I was sitting across the table from an old friend. As it sometimes does these days, our conversation veered toward the tantalizing topic of starting to scale back on work. We were indulging in a little daydreaming. “I don’t think I want to retire cold turkey”, he mused. “But maybe finding a way to cut back on my hours so I can start doing things like travel and more community work…”.
We were both wondering the same thing – when would we have enough money to confidently change our lifestyle? You can do lots of calculations to come up with an estimate. But what if it’s the wrong question?
You see, we spend most of our working lives marking our progress largely through our earnings. It’s not the only measure of career success but at least in the private sector, it is an excellent proxy. When we’re young, money means freedom, comfort and luxury. Later on, it also represents security for ourselves and our families. But as we get older we gradually notice something disturbing. Some unfortunate people are interrupted along this well-worn path by serious illness or a terrible accident. They are blindsided by events in which personal wealth is meaningless.
The harsh reality is that as we get older, the likelihood that our well laid plans will be derailed by an “act of god” or a lack of health rather than a lack of money, increases. Yet instead of exercising, eating properly, relaxing and smelling the roses, we continue to stress about earning money, preserving and investing it, and staying employed because that’s what we’ve always worried about.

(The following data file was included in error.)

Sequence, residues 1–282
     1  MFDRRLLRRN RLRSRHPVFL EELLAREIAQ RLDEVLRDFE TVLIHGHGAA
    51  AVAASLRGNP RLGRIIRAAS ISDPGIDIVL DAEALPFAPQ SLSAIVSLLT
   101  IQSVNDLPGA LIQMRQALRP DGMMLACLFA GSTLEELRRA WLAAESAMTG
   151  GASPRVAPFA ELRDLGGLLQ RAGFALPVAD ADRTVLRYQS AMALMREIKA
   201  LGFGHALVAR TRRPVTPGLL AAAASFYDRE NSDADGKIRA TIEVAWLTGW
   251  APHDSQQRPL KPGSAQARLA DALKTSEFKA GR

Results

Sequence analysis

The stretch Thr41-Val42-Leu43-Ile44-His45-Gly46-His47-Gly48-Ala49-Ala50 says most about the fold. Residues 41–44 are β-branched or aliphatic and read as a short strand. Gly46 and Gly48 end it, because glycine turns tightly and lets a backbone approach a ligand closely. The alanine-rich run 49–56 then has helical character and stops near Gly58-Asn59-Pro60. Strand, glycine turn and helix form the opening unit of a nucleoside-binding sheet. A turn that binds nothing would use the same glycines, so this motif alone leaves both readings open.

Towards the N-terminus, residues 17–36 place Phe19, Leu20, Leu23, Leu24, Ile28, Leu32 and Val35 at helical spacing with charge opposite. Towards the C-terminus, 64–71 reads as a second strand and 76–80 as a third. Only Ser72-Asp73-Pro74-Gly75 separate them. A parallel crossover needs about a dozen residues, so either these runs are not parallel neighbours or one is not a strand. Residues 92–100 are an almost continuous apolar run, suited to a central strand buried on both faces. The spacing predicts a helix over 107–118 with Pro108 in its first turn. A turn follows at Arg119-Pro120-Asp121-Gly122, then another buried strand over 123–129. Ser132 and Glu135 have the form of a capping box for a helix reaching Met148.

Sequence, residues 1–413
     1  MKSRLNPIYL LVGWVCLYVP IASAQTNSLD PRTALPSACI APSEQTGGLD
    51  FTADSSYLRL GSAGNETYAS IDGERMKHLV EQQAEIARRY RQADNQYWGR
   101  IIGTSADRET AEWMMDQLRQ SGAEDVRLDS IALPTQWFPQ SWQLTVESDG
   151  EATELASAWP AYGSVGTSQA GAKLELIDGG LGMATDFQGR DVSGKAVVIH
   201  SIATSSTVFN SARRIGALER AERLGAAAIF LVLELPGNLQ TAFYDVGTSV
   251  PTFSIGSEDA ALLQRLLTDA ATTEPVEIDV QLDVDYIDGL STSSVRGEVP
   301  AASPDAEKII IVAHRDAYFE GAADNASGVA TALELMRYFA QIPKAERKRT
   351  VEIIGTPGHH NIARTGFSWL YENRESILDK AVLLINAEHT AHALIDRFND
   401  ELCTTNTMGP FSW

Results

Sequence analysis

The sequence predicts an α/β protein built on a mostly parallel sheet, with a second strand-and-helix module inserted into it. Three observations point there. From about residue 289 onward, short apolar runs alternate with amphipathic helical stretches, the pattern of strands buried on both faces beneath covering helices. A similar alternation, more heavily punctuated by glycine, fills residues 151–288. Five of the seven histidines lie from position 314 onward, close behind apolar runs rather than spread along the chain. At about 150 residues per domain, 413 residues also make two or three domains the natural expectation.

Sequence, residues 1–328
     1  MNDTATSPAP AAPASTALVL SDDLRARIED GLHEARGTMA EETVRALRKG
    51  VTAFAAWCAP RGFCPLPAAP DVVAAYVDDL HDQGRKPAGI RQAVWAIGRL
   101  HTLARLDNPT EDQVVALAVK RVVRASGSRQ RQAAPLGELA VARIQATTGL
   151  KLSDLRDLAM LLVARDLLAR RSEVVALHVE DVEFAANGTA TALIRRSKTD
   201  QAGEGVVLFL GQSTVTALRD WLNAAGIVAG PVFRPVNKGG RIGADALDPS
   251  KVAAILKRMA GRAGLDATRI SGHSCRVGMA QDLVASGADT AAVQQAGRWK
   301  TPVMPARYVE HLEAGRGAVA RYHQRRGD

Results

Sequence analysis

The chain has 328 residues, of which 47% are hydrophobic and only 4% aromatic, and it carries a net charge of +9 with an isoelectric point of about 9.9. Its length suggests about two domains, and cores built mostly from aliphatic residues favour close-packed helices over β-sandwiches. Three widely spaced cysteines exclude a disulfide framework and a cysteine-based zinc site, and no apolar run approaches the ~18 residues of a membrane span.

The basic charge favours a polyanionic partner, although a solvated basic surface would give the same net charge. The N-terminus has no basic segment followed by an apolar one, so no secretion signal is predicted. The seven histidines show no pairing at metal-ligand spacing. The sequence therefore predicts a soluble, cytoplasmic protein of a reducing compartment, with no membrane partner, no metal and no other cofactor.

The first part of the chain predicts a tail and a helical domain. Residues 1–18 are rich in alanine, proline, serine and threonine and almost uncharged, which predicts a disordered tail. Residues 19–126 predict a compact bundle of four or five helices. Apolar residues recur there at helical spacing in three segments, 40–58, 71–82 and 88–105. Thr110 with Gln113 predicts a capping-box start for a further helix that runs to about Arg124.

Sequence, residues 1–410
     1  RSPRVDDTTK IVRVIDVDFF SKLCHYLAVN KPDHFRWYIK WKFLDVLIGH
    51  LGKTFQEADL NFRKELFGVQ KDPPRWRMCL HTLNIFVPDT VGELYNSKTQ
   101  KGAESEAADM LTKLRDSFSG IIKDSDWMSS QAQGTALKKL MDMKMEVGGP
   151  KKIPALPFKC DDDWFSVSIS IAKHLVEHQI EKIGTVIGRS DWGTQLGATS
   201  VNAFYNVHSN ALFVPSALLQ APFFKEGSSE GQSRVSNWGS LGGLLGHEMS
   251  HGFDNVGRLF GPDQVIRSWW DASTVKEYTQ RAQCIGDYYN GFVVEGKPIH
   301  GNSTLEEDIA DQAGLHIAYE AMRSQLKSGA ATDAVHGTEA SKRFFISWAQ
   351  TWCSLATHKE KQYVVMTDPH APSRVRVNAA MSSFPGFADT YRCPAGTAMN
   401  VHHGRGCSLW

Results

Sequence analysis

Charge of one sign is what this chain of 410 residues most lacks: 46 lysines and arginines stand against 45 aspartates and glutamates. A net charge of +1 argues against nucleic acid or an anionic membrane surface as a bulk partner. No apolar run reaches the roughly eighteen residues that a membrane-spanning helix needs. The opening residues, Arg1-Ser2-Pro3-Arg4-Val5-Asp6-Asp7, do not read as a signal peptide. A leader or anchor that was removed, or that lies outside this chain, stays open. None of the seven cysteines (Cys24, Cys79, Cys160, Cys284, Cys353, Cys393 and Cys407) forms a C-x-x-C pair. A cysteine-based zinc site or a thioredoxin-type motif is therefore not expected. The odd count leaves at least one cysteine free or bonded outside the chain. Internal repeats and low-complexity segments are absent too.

It’s the classic case of getting what you measure but measuring the wrong thing. We do it in our business lives too. We worry about orders but get caught short on cash. We strive for revenue growth but lose customers when quality slips. We invest in incremental product improvement while a new technology disrupts the market. We drive efficiency relentlessly then lose our top employees through lack of engagement. The solution, of course, is being flexible enough to monitor multiple metrics and continually shift emphasis to the one that matters most. This is an essential characteristic of companies, and people, that successfully reinvent themselves.
The more you are single-minded, in life or in business, the more likely you are to be blindsided. Step back and ask yourself whether your go-to metric of success remains relevant as the world around you changes. Challenging your assumptions could lead to a healthy change in behaviour.
Although neither of us mentioned it, when my friend and I parted, I suspect our plans for the next day included a trip to the gym. salad for lunch and some quality time with the family!